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ebirdst: Access and Analyze eBird Status and Trends Data

License: GPL v3 R-CMD-check CRAN status


Install ebirdst from GitHub with:

# install.packages("remotes")

The current version of ebirdst is designed for working with the eBird Status and Trends data products that make estimates for 2019, with visualizations being released on the web in December 2020, and data access being made available in August 2021. Users are strongly discouraged from comparing Status and Trends results between years due to methodological differences between versions. If you have accessed and used previous versions and/or may need access to previous versions for reasons related to reproducibility, please contact and your request will be considered.

Data access

As of July 2021, data access is now granted through a Access Request Form at: Access with this form generates a key to be used with this R package and is provided immediately (as long as commercial use is not requested). Our terms of use have been updated to be more permissive in many cases, particularly academic and research use. When requesting data access, please be sure to carefully read the terms of use and ensure that your intended use is not restricted. Data are no longer publicly available via AWS, aside from an example dataset.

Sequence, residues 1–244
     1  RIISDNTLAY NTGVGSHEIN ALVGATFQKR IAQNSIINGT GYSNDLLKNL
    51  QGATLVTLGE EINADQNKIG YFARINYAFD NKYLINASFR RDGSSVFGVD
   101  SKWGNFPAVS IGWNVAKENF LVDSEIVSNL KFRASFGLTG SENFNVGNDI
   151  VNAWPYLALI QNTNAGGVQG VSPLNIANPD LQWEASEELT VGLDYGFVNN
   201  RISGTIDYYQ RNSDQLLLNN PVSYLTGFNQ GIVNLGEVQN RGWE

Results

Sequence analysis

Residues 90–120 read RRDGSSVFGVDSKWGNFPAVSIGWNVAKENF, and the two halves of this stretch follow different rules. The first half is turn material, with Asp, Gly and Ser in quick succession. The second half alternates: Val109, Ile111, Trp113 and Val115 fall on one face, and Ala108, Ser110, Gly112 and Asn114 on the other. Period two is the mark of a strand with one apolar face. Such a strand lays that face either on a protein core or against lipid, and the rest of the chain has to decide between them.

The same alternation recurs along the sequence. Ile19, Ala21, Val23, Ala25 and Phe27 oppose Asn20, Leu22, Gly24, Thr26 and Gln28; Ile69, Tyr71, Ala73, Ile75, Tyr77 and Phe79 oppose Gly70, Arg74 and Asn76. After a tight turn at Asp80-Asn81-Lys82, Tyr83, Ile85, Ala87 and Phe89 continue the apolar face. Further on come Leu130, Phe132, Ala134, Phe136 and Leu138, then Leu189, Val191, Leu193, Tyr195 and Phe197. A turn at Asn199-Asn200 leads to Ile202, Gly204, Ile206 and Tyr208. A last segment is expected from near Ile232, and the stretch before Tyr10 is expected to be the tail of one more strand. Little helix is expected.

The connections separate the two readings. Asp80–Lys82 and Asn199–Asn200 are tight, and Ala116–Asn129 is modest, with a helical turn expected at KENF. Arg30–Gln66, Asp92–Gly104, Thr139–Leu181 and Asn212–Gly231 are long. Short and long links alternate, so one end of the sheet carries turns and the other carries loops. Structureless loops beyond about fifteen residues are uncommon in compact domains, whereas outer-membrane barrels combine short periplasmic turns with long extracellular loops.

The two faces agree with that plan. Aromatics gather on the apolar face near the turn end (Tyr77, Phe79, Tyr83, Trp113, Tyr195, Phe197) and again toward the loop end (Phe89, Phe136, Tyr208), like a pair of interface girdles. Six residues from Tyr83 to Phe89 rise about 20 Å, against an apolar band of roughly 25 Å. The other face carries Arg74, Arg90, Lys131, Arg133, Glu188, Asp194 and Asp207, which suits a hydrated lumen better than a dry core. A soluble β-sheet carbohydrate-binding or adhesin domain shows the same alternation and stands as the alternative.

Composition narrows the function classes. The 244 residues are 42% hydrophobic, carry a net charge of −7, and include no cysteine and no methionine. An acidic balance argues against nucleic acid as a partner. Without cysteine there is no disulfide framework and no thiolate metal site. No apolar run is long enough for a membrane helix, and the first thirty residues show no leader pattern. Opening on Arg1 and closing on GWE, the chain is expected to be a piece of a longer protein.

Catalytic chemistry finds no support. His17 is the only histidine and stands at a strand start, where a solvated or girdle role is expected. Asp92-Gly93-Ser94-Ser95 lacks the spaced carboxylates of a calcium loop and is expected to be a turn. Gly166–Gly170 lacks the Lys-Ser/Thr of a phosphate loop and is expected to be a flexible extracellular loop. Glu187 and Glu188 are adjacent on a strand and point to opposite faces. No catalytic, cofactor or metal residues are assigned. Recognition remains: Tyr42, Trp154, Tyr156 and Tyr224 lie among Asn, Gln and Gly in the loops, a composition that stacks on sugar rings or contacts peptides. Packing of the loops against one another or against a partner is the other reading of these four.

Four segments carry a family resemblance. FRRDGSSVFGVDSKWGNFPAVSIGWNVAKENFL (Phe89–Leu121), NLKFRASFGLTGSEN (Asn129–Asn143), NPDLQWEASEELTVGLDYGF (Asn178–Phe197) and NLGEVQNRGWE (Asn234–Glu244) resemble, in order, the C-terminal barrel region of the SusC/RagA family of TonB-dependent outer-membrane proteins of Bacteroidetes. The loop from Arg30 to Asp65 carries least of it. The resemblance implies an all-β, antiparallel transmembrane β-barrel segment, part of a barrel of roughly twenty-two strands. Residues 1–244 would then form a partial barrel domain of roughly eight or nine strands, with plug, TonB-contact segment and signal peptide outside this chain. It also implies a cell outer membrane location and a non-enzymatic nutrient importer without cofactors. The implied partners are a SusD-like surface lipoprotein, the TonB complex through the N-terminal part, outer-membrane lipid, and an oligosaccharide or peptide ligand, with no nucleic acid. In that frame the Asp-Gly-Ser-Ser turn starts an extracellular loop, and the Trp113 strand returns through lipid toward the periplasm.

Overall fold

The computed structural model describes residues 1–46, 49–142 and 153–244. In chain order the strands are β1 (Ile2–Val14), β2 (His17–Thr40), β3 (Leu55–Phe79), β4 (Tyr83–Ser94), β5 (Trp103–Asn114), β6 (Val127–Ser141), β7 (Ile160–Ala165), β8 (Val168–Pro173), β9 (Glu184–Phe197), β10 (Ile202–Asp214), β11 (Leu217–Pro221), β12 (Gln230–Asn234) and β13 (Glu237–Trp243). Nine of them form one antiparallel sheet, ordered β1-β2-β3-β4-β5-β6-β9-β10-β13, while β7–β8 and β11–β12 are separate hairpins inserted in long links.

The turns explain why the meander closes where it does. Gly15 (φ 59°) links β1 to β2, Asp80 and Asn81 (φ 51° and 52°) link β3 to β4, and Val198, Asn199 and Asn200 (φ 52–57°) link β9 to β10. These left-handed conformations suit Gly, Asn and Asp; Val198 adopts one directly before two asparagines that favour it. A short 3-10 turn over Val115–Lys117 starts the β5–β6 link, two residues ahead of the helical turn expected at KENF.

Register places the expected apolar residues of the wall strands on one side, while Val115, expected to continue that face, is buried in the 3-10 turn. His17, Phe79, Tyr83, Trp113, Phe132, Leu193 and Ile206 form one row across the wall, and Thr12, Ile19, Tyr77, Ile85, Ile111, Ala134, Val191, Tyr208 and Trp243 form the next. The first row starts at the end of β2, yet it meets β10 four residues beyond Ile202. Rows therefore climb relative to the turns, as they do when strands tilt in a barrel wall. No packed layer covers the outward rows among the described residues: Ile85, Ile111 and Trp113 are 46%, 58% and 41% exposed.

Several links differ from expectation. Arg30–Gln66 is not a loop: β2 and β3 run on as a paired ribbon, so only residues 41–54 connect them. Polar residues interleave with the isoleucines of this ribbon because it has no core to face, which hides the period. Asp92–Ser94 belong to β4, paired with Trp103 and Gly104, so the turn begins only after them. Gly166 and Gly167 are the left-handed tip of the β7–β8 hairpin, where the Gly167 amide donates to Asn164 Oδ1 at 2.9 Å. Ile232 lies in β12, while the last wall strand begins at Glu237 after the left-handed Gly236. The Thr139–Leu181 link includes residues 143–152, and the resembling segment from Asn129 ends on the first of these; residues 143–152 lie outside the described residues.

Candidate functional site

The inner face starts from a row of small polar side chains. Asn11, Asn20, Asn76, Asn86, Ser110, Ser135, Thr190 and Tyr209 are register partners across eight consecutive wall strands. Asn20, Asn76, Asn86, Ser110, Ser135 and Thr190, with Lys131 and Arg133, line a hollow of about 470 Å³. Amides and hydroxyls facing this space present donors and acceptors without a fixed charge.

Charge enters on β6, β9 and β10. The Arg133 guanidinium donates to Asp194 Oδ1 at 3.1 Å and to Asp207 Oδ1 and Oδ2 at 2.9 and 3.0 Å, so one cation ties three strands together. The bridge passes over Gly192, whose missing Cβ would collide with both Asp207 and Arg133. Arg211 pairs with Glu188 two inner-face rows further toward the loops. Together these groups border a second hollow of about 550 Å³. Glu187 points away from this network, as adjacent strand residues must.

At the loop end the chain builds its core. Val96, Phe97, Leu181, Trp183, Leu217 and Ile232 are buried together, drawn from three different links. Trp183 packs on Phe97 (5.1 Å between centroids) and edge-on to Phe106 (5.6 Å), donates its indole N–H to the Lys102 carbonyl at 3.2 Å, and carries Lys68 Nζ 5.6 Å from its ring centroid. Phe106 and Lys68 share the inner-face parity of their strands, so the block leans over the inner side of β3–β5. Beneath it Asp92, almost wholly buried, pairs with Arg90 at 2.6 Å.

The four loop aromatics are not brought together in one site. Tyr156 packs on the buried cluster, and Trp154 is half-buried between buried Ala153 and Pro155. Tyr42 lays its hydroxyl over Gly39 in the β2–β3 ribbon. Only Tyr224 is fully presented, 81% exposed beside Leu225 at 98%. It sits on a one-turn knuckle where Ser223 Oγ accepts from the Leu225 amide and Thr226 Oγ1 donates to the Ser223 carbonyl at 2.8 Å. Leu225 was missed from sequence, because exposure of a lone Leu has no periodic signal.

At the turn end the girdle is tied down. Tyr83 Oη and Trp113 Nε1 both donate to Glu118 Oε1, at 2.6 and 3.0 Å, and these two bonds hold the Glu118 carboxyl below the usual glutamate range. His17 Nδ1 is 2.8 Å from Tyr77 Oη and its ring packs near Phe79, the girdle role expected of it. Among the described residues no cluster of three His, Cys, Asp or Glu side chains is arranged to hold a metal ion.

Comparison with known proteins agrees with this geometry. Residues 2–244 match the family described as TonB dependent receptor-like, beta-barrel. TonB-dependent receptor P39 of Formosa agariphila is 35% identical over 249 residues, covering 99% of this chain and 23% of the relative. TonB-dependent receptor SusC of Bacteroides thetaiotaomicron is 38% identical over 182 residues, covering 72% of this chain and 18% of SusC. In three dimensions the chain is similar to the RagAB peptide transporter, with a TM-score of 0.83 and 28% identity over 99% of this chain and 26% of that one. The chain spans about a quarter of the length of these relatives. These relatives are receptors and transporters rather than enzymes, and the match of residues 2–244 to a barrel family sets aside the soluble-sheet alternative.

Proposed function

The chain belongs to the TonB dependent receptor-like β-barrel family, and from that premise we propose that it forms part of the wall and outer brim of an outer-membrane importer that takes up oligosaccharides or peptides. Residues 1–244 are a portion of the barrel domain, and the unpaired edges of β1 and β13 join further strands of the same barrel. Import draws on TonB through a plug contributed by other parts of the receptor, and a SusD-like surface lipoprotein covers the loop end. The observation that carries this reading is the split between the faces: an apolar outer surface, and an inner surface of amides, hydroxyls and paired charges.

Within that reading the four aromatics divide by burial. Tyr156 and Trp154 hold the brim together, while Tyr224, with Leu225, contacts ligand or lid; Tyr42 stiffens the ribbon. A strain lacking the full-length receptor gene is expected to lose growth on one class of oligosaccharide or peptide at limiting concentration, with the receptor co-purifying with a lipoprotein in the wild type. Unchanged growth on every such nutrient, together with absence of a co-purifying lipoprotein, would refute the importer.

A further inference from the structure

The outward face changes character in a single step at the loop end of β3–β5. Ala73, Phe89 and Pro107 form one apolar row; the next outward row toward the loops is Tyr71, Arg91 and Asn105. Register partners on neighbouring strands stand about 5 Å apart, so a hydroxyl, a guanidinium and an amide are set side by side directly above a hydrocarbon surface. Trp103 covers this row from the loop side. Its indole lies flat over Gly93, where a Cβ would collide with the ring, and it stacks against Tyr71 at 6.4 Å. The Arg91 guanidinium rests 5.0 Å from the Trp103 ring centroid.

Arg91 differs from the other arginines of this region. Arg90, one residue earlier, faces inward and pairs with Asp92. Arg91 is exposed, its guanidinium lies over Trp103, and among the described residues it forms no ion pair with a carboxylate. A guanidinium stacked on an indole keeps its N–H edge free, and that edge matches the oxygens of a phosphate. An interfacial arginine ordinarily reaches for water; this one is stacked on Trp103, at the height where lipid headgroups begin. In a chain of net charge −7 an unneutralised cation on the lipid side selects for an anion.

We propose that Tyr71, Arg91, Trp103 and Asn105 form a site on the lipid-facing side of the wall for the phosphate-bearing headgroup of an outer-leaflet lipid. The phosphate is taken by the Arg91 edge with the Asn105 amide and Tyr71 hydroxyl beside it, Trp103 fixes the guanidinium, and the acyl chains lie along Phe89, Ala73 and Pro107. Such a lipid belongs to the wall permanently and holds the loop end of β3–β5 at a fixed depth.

After completing the Access Request Form, you will be provided a Status and Trends access key, which you will need when downloading data. To store the key so the package can access it when downloading data, use the function set_ebirdst_access_key("XXXXX"), where "XXXXX" is the access key provided to you.


If you use the the eBird Status & Trends data please cite it with:

Fink, D., T. Auer, A. Johnston, M. Strimas-Mackey, O. Robinson, S. Ligocki, W. Hochachka, C. Wood, I. Davies, M. Iliff, L. Seitz. 2020. eBird Status and Trends, Data Version: 2019; Released: 2020, Cornell Lab of Ornithology, Ithaca, New York.


For full package documentation, including a series of vignettes covering the full spectrum from introductory to advanced usage, please see the package website. There are four available vignettes are:

  • Introduction: details data access and the structure of the results.
  • Introductory mapping: covers the basic of making abundance maps using the eBird Status and Trends data.
  • Advanced mapping: shows how to reproduce the seasonal abundance maps, range polygons, and statistics on the eBird Status and Trends website.
  • Non-raster data: covers working with the non-raster data in the ebirst data packages, including exploring predictor importance, plotting partial dependence curves for model predictors, and assessing model quality with predictive performance metrics.

Quick Start

This quick start guide shows how to download data and plot abundance values similar to how they are plotted for the eBird Status and Trends Abundance animated maps. In this guide, and throughout all package documentation, a simplified example dataset is used consisting of Yellow-bellied Sapsucker in Michigan. For a full list of the species available for download, look at the data frame ebirst_runs, which is included in this package.